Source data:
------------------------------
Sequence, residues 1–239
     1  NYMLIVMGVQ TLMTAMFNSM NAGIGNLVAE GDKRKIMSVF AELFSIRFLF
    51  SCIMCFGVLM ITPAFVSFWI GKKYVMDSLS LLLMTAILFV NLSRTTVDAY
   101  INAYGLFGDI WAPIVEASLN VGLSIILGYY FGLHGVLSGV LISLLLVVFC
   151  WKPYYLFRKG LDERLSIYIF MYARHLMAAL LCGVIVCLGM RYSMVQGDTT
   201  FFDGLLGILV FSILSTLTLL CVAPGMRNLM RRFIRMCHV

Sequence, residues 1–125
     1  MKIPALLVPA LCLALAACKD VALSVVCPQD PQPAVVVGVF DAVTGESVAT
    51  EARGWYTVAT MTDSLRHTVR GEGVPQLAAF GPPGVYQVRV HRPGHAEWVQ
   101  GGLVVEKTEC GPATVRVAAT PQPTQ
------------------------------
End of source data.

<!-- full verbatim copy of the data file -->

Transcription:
Sequence, residues 1–239
     1  NYMLIVMGVQ TLMTAMFNSM NAGIGNLVAE GDKRKIMSVF AELFSIRFLF
    51  SCIMCFGVLM ITPAFVSFWI GKKYVMDSLS LLLMTAILFV NLSRTTVDAY
   101  INAYGLFGDI WAPIVEASLN VGLSIILGYY FGLHGVLSGV LISLLLVVFC
   151  WKPYYLFRKG LDERLSIYIF MYARHLMAAL LCGVIVCLGM RYSMVQGDTT
   201  FFDGLLGILV FSILSTLTLL CVAPGMRNLM RRFIRMCHV

Sequence, residues 1–125
     1  MKIPALLVPA LCLALAACKD VALSVVCPQD PQPAVVVGVF DAVTGESVAT
    51  EARGWYTVAT MTDSLRHTVR GEGVPQLAAF GPPGVYQVRV HRPGHAEWVQ
   101  GGLVVEKTEC GPATVRVAAT PQPTQ